Thumbs: Our high country lowdown on the news - Nov. 9, 2012

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By Optic Editorial Board

THUMBS UP! FINALLY, IT’S OVER. In what goes down in history as the most expensive election in American history (at least until 2016), we breathe a sigh of relief that it’s finally over. According to the Center for Responsive Politics, the total cost of the presidential and congressional campaigns jumped up 7 percent to nearly $5.8 billion, with about $2.5 billion going solely into the presidential campaign. One big reason for the increases: the superPACs.
Not surprisingly, the previous record for campaign spending was in, you guessed it, 2008.
All this out-of-control spending begs the question, as many are articulating, what else could we have used that money for? It’s a shame that so much money was wasted on misinformation and half-truths.

THUMBS DOWN! SAME-OLD-SAME-OLD? Here’s another cold, hard reality: All that money was spent so we could, essentially, maintain the status  quo. The nation re-elected the president, returned Democratic control to the Senate and gave Republicans back their majority in the House, so Washington’s party politics will be the same in the next two years as it has been for the last two years — divided and uncooperative.
Or, maybe things will change anyway. President Obama won’t be looking ahead to an election, and House Speaker John Boehner might just find a backbone to stand up to his party’s extremists. We’ve placed the nation’s future in their hands; let’s hope they’ll work together better in the years ahead than they’ve have in the years behind.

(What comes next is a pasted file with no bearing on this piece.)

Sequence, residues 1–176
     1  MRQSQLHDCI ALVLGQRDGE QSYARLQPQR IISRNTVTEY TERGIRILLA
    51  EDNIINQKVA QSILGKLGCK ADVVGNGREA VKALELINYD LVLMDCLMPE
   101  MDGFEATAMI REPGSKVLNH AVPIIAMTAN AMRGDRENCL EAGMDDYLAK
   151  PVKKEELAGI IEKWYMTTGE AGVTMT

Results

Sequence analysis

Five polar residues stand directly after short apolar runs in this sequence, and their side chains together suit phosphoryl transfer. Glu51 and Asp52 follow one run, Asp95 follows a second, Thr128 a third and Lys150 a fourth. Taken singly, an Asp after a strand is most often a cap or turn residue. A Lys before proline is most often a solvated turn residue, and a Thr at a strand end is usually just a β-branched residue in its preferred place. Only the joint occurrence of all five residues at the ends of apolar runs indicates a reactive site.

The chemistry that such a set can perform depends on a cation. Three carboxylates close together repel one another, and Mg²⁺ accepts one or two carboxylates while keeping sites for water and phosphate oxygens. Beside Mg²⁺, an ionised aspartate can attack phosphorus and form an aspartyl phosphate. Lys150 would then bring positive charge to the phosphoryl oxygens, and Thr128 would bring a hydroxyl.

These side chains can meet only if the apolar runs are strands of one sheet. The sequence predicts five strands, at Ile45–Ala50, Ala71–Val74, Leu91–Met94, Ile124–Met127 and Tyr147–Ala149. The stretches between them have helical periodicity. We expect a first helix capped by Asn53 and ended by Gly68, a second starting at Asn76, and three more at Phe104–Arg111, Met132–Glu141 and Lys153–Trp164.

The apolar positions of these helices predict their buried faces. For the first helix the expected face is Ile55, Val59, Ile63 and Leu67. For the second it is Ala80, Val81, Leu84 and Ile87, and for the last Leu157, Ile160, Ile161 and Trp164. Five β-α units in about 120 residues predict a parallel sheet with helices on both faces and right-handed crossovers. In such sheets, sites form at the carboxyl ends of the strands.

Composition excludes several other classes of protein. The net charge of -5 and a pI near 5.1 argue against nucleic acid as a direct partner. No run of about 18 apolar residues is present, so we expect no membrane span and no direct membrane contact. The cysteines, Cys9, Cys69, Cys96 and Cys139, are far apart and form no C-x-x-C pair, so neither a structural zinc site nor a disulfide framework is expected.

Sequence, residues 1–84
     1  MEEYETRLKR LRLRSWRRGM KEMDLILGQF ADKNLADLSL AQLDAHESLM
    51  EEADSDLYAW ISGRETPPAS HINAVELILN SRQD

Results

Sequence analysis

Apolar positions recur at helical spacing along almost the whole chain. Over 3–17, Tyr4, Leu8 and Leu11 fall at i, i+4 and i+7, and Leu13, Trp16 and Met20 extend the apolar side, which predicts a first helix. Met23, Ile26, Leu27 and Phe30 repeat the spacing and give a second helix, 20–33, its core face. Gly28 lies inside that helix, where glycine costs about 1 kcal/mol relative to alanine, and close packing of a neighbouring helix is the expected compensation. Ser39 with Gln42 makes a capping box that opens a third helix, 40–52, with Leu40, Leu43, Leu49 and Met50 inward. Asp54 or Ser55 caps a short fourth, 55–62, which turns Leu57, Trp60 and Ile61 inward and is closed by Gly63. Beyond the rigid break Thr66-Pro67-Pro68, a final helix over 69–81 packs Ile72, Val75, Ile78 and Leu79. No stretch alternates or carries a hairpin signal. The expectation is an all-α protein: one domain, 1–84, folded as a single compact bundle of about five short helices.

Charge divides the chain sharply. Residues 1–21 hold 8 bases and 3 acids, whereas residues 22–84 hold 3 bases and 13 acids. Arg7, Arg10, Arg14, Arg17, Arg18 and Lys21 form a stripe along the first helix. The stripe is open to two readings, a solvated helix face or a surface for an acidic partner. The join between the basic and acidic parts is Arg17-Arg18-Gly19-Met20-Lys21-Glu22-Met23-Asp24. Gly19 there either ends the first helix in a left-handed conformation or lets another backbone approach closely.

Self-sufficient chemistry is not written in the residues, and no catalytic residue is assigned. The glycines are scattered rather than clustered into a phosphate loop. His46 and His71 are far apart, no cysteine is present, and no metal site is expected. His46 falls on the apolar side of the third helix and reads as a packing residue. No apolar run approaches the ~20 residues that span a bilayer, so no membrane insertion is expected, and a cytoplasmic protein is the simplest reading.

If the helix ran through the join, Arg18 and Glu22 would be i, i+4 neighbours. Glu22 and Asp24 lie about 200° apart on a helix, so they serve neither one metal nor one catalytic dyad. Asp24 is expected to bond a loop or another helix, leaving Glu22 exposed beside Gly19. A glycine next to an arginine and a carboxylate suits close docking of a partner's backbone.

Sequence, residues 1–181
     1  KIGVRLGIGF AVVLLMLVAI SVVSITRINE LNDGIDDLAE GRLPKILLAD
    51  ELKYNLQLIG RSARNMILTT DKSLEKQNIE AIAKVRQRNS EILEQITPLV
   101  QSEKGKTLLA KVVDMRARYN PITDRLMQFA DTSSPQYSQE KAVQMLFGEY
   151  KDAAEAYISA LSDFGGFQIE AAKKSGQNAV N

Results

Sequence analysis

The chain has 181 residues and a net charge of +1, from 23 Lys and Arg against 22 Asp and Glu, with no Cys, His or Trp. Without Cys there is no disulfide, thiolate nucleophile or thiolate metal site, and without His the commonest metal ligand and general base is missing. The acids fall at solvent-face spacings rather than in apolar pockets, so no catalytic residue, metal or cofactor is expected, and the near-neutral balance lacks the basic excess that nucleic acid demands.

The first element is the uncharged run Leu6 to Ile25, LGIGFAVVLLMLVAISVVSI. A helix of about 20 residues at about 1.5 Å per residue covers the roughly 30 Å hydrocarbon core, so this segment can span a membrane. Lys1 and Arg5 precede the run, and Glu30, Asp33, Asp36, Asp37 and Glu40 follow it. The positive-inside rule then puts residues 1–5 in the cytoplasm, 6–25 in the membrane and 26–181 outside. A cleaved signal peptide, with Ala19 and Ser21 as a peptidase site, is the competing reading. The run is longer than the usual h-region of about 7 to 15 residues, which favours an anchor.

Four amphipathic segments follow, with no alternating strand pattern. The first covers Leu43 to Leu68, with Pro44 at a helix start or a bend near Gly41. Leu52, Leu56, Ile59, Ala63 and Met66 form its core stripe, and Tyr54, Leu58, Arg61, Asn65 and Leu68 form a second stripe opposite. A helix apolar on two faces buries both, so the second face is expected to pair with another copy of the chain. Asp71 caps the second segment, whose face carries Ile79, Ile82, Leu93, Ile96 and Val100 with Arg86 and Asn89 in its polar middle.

THUMBS UP! TURNOUT. Nationally, turnout ran hot and cold, but here in San Miguel County it was better than 50 percent. “I expected it to be high, but not as high as it was,” County Clerk Melanie Rivera said.
It’s good to live in a community where so many people really care about the issues of our day.

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“Times are tough and the voters need to be conservative, I guess. That’s what we’ve got to live with. I would have appreciated more support from the city of Las Vegas, because they stood to gain a whole lot as well.”
— Les Montoya, San Miguel County manager, on voters’ rejection of a sales tax increase to go to emergency services.

“It’s a step in the right direction as far as ensuring that Mora County can do everything within its power to ensure that we do have an ambulance service. ... We’re going to work diligently to make it happen. This was a large part of the puzzle in that process. We’re definitely pleased with the turnout and we’re pleased with the results.”
— Thomas Sanchez, Mora County manager, on voter approval of a sales tax increase to go toward ambulance services.